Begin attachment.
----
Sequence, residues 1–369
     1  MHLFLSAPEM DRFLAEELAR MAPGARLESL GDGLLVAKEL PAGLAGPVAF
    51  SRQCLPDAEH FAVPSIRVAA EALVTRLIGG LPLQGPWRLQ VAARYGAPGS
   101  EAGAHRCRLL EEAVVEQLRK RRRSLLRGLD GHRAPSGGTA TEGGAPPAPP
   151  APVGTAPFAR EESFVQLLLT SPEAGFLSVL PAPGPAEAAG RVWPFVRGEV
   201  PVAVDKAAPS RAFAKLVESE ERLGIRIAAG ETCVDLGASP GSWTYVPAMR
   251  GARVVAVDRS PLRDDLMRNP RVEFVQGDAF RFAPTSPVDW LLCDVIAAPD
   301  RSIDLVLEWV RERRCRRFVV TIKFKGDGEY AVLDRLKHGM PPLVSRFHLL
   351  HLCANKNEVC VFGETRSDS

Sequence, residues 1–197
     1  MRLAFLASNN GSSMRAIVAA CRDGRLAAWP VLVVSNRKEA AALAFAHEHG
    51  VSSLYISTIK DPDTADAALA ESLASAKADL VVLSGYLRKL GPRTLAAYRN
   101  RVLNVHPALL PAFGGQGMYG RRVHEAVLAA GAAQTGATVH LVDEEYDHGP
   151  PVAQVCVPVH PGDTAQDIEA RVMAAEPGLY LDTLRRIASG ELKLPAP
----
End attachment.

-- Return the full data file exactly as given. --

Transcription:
Sequence, residues 1–369
     1  MHLFLSAPEM DRFLAEELAR MAPGARLESL GDGLLVAKEL PAGLAGPVAF
    51  SRQCLPDAEH FAVPSIRVAA EALVTRLIGG LPLQGPWRLQ VAARYGAPGS
   101  EAGAHRCRLL EEAVVEQLRK RRRSLLRGLD GHRAPSGGTA TEGGAPPAPP
   151  APVGTAPFAR EESFVQLLLT SPEAGFLSVL PAPGPAEAAG RVWPFVRGEV
   201  PVAVDKAAPS RAFAKLVESE ERLGIRIAAG ETCVDLGASP GSWTYVPAMR
   251  GARVVAVDRS PLRDDLMRNP RVEFVQGDAF RFAPTSPVDW LLCDVIAAPD
   301  RSIDLVLEWV RERRCRRFVV TIKFKGDGEY AVLDRLKHGM PPLVSRFHLL
   351  HLCANKNEVC VFGETRSDS

Sequence, residues 1–197
     1  MRLAFLASNN GSSMRAIVAA CRDGRLAAWP VLVVSNRKEA AALAFAHEHG
    51  VSSLYISTIK DPDTADAALA ESLASAKADL VVLSGYLRKL GPRTLAAYRN
   101  RVLNVHPALL PAFGGQGMYG RRVHEAVLAA GAAQTGATVH LVDEEYDHGP
   151  PVAQVCVPVH PGDTAQDIEA RVMAAEPGLY LDTLRRIASG ELKLPAP